By Mike Dunn
PHILADELPHIA (CBS) — The biggest issue hanging over the race for Philadelphia mayor has been the political advertisements paid for by independent committees not affiliated with a candidate.READ MORE: CBS3 Mysteries: Don Ly's Children Continue To Search For Answers After Father's American Dream Ended In Deadly Stabbing In South Philadelphia
Today, the City Council president introduced a measure aimed at tackling the problem known as “dark money” — unrestricted expenditures in support of candidates, paid for by independent PACs (political action committees) and not subject to the city’s limits on political contributions.
“I think it’s clearly a way of getting around the legislation that was enacted by the mayor and City Council some time ago,” says City Council president Darrell Clarke. “It has now created an environment where pretty much everyone else is controlling the dialogue as it relates to the mayor’s race and other races. We cannot limit their contributions, but we think it should be disclosed.”
The independent PACs do have to reveal the names of their donors, but not until May 8th — just eleven days before this year’s primary.
So, Clarke has introduced a bill to require disclosure that is earlier, and more frequent.READ MORE: Camden County Businesses, Officials Worry As Heavy Rains, Flooding Become More Common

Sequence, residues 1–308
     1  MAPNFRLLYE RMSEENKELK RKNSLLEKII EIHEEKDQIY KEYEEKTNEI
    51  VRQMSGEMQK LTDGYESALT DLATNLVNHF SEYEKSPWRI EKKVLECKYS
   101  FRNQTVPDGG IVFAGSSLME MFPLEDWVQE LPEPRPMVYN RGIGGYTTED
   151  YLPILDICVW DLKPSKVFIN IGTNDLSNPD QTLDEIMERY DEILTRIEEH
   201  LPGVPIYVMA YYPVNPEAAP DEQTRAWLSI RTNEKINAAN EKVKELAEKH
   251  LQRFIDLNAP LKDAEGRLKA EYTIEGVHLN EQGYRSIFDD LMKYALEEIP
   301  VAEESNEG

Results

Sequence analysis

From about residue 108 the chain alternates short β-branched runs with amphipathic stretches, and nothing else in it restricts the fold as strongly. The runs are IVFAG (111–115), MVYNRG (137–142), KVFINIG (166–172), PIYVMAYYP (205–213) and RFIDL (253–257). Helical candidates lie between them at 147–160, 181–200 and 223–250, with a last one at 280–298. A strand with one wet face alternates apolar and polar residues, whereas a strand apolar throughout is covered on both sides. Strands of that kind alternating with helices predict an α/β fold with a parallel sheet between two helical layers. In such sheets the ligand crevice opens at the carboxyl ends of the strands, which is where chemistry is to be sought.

“We think that if a person is interested in a particular candidate, that they should disclose their support,” Clarke said today. “Essentially, we’ll require periods of disclosure by the contributors, because we want to make sure that we capture those individuals who are putting significant contributions in.”
Clarke admits his proposal comes too late to affect the May primary this year, but he hopes for passage in time for the November general election.
In the race for the Democratic nomination for mayor, at least three independent PACs have reportedly spent millions of dollars in support of certain candidates, primarily state senator Anthony Williams and former city councilman Jim Kenney. Some of their opponents have called on them to reject the so-called “dark money,” but both candidates claim they have no control over the independent groups.
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